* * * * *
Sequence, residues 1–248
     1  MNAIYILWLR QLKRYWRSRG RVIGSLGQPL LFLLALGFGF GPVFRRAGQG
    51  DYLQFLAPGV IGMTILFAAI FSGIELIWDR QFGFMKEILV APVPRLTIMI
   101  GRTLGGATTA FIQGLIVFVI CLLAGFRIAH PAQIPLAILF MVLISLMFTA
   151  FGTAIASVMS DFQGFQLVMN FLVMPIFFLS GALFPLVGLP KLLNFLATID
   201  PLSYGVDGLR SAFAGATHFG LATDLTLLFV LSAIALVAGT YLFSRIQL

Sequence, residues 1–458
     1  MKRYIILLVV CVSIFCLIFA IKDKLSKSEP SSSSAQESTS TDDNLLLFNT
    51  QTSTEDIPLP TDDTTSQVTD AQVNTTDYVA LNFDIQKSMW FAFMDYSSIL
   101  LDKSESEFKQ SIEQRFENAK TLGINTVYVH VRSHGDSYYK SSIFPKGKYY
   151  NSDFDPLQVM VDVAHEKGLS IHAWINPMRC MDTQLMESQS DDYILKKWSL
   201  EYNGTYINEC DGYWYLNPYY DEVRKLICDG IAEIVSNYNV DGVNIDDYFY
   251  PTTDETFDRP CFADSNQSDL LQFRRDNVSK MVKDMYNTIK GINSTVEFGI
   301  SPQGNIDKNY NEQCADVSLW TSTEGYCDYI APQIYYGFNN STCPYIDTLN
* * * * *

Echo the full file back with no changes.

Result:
Sequence, residues 1–248
     1  MNAIYILWLR QLKRYWRSRG RVIGSLGQPL LFLLALGFGF GPVFRRAGQG
    51  DYLQFLAPGV IGMTILFAAI FSGIELIWDR QFGFMKEILV APVPRLTIMI
   101  GRTLGGATTA FIQGLIVFVI CLLAGFRIAH PAQIPLAILF MVLISLMFTA
   151  FGTAIASVMS DFQGFQLVMN FLVMPIFFLS GALFPLVGLP KLLNFLATID
   201  PLSYGVDGLR SAFAGATHFG LATDLTLLFV LSAIALVAGT YLFSRIQL

Sequence, residues 1–458
     1  MKRYIILLVV CVSIFCLIFA IKDKLSKSEP SSSSAQESTS TDDNLLLFNT
    51  QTSTEDIPLP TDDTTSQVTD AQVNTTDYVA LNFDIQKSMW FAFMDYSSIL
   101  LDKSESEFKQ SIEQRFENAK TLGINTVYVH VRSHGDSYYK SSIFPKGKYY
   151  NSDFDPLQVM VDVAHEKGLS IHAWINPMRC MDTQLMESQS DDYILKKWSL
   201  EYNGTYINEC DGYWYLNPYY DEVRKLICDG IAEIVSNYNV DGVNIDDYFY
   251  PTTDETFDRP CFADSNQSDL LQFRRDNVSK MVKDMYNTIK GINSTVEFGI
   301  SPQGNIDKNY NEQCADVSLW TSTEGYCDYI APQIYYGFNN STCPYIDTLN